Are there too many white men in the White House?

Try to spot Valerie Jarrett. (via The New York Times)

After The New York Times ran the above photo alongside the headline, “Obama’s Remade Inner Circle Has an All-Male Look, So Far,” the media jumped on the narrative that President Obama is surrounding himself with white guys to the dismay of the diverse coalition who elected him to office.

While it’s certainly true his first four cabinet appointments have been white guys, it’s not actually true that there are no women or people of color in the White House in senior staff positions. Over at theGrio, I argue that not only do we need more diversity in the White House, but it’s time for the entire beltway apparatus, which looks like the photo below, to get on the diversity bandwagon instead of just “calling out” the Obama administration.

The White House Press Corps is calling out the president for lack of diversity? (via Politico)



There is no doubt that the New York Times picture coupled with the announcement of four white men in row for cabinet posts is bad optics, but it might also be true that the same beltway media calling out the president for a surrounding himself with a majority of white men, lacks self-awareness to see that they too are a room full of white men.

The point being that the entirety of the beltway apparatus, from the White House down to the press corps who cover the administration, lack diversity.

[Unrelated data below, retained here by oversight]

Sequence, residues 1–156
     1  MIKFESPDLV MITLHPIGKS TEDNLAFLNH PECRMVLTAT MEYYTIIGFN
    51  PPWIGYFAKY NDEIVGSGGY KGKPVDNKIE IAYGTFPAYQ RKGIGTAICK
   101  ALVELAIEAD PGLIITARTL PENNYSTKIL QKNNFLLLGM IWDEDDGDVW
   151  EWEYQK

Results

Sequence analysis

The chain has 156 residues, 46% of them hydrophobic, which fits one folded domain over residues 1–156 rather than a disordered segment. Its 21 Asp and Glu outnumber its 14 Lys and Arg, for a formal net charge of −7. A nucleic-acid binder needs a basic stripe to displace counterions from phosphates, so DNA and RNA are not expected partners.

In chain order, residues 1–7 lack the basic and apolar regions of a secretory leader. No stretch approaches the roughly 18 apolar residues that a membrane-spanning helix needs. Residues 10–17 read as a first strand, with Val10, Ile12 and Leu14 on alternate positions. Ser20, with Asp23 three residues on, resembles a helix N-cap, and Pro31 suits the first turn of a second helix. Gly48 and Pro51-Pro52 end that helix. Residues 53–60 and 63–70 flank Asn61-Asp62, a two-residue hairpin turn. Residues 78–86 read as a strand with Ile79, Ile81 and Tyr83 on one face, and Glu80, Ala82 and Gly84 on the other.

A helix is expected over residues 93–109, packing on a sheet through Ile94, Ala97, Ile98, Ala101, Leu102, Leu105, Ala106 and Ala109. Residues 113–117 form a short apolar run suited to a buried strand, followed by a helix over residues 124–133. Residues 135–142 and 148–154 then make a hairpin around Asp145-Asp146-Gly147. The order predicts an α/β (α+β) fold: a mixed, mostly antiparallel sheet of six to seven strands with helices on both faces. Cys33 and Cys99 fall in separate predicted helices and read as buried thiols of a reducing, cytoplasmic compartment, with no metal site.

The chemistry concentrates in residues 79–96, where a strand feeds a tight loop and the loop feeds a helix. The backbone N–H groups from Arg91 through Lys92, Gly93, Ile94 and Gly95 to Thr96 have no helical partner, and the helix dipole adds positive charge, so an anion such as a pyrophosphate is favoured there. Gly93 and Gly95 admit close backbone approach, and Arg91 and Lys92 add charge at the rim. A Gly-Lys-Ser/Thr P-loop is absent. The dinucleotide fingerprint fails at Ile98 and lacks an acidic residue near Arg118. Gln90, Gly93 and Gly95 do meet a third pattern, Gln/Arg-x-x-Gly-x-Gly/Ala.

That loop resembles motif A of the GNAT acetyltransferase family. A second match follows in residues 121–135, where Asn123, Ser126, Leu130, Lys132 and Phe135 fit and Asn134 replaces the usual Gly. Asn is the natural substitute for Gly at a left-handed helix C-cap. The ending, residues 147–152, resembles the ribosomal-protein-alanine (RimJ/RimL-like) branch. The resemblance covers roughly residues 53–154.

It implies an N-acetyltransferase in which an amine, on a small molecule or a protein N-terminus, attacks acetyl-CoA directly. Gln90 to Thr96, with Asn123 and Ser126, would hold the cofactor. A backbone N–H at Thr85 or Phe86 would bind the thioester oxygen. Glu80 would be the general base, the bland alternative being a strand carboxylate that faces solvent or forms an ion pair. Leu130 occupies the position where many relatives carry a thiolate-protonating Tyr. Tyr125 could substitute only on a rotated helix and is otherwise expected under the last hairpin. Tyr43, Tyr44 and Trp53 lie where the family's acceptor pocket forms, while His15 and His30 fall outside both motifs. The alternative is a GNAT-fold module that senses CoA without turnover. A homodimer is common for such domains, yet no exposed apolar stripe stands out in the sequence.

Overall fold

There is also a tendency for the white men in the administration in these high profile posts to get more face time in the press, making them much more visible, and thus more closely associated with the president than other members of senior staff.  It’s likely most Americans would be able to identify a picture of Treasury Secretary Timothy Geithner over a picture of Nancy-Ann DeParle, the Deputy Chief of Staff for Policy.

This is not a defense of the administration.  The key here is that progressives want a diverse group of folks in the White House to mirror the diversity of the president’s coalition.  A more diverse group of advisors on key policy issues tends to result in better policy outcomes for women and people of color.

Diversity matters. For example, Senior Advisor Valerie Jarrett was a key voice inside the White House to make sure that President Obama held firm on the contraception mandate. Maybe if there was a woman in the leadership of the House the Violence Against Women Act wouldn’t have died a sad death?  But the diversity of the people covering the beltway matters too. There is a reason the death of the VAWA wasn’t covered as much as the fiscal cliff or the debt ceiling negotiations.

Yes, there are too many white men in the White House, but there are too many white men everywhere you turn in politics. And maybe the beltway media should start by taking a hard look in the mirror.

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